jkw (nyc)
Police kill around 1000 people e ach year in this country. No where near that man y police are killed. The police are not at risk.
J (New England)
There's 300,000,000+ people in the US and less than 800,000 police officers (with 'general arrest powers') In 2015 and 2016 the average number of people who died at the hands of police is 1,120 and police officers killed was 160 same period/averaged. Now, does it matter to you that 50% of the civilians were White? (26% were Black, 17% Hispanic.) 12% of police are Black, btw. So what? Overwhelmingly the dead civilians committed crimes; not so for the police officers who were killed. Police officers are killed simply because they are wearing badges. They put their lives on the line every day to protect and serve. Without them, ... Our streets would be ruled by criminals. Now, what point were you trying to make?
Tom (Port Wahington)
Your "officers killed" of 160 is misleading as it includes accidents, which kill the majority of police officers. In recent years, around 50-60 police officers are murdered. It is the safest time in US history to be a law enforcement officer, but it remains an extremely dangerous time to be an unarmed person of color in a confrontation with a police officer.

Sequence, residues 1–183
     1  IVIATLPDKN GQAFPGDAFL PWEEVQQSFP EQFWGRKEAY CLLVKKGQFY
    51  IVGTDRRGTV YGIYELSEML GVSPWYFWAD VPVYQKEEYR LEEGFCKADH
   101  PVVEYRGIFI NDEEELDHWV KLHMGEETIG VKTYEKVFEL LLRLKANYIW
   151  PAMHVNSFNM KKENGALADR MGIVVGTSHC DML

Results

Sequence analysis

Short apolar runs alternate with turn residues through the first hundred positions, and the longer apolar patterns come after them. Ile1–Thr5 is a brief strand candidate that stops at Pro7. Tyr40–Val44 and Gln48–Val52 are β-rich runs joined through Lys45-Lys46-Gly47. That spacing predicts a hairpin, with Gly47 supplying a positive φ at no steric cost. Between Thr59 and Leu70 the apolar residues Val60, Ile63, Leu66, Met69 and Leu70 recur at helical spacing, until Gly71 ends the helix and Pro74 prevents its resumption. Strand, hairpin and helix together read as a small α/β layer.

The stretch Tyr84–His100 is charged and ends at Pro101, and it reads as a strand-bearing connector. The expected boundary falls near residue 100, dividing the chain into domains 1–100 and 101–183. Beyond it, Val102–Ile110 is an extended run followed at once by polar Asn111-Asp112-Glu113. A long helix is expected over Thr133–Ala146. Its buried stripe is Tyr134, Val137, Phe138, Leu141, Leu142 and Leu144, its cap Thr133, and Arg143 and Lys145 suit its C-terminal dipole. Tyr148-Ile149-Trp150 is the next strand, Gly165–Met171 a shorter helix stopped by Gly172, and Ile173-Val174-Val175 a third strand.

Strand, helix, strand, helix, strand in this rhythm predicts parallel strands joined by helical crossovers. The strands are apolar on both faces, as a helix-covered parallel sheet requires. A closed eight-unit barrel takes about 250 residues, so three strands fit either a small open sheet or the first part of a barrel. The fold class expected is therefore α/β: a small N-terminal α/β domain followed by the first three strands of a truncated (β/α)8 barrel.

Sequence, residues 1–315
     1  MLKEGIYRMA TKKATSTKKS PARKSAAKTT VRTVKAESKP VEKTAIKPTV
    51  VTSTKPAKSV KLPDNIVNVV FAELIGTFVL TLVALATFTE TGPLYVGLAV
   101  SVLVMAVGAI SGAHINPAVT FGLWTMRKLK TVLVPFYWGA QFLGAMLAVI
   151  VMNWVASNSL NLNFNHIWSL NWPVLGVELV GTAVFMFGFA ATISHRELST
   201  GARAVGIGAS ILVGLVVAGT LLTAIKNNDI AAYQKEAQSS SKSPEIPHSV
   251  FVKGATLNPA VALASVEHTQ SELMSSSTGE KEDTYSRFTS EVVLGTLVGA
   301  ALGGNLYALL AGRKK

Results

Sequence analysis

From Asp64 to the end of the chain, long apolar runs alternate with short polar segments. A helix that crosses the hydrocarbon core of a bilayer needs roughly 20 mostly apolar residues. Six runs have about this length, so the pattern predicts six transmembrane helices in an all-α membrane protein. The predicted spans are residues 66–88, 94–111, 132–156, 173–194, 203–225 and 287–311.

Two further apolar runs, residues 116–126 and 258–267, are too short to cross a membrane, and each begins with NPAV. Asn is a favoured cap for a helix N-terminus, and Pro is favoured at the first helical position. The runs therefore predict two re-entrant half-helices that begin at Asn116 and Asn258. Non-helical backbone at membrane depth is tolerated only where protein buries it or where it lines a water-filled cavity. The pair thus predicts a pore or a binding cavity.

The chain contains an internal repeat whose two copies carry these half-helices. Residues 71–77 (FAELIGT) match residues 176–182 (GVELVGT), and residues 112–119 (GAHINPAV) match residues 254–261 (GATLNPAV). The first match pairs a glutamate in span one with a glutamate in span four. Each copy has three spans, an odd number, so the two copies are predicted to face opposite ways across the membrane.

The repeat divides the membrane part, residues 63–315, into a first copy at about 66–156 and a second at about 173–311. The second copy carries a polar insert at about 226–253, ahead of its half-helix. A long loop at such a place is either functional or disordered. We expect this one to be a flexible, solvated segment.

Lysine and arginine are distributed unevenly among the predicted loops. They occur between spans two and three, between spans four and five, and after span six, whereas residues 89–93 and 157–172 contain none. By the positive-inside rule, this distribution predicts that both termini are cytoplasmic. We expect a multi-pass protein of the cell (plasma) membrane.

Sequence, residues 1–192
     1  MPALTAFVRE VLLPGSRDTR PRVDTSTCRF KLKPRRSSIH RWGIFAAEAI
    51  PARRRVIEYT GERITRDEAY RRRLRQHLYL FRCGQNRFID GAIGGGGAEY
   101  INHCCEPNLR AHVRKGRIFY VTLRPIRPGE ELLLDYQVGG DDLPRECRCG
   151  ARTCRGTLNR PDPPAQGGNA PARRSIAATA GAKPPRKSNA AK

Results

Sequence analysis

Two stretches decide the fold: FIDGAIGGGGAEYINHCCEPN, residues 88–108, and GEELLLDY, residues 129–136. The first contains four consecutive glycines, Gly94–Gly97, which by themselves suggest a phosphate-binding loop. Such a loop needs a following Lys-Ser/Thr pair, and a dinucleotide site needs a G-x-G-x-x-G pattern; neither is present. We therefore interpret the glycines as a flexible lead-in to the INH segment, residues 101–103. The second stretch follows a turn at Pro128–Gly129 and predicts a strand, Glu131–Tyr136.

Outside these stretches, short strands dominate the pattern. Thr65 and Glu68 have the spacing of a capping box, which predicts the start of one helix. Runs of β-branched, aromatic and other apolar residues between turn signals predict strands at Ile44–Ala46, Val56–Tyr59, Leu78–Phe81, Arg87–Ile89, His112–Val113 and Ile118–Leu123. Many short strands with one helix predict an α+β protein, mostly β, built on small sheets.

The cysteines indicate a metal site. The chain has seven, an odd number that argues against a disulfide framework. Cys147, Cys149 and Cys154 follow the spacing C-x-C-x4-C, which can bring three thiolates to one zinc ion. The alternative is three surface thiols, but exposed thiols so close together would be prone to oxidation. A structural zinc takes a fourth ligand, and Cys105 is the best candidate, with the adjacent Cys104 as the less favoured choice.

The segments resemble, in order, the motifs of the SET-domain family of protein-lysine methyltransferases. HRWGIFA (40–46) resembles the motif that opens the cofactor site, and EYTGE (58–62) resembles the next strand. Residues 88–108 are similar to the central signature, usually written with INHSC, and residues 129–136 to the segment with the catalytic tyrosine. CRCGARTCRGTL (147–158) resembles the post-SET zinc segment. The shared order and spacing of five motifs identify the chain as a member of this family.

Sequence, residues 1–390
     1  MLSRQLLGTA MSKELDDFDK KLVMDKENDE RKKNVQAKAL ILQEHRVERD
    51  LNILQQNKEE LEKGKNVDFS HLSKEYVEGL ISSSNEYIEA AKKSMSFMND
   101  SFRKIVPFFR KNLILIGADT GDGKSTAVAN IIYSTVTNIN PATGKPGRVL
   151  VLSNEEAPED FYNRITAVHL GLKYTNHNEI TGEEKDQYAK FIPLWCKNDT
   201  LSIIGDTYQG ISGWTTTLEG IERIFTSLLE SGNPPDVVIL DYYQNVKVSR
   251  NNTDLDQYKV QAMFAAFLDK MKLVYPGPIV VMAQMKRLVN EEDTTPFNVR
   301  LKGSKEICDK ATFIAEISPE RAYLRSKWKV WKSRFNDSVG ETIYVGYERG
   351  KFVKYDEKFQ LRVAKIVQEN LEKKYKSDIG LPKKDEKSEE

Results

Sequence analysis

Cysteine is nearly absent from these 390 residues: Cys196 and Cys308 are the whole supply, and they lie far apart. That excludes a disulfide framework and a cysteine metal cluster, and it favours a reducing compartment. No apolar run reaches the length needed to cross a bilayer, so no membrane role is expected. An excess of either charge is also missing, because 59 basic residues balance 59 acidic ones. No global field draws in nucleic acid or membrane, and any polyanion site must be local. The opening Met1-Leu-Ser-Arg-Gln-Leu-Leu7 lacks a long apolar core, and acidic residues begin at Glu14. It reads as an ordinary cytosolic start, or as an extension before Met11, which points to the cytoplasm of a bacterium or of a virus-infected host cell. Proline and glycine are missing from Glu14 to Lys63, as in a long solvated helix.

Morgan K (Atlanta)
They put their lives on the line every day to protect and serve and collect a paycheck with benefits. I will not grant sainthood to anyone simply for the career they pursue. There are police officers who go above and beyond the definition of their job in the best possible ways. They play basketball with kids in the neighborhood, they help victims of domestic violence get services, they don't lie under oath. They stand up to the testosterone fueled environment that comes with the badge. Then there are officers who at best, just skate by to get the pension. They can't be bothered to take a report for a car break-in. They never volunteer for anything in the neighborhood. They park their unit and hang out on Facebook. And then there are the vast majority of police - doing the job they are paid to do and trying to make a difference. Just like the rest of us.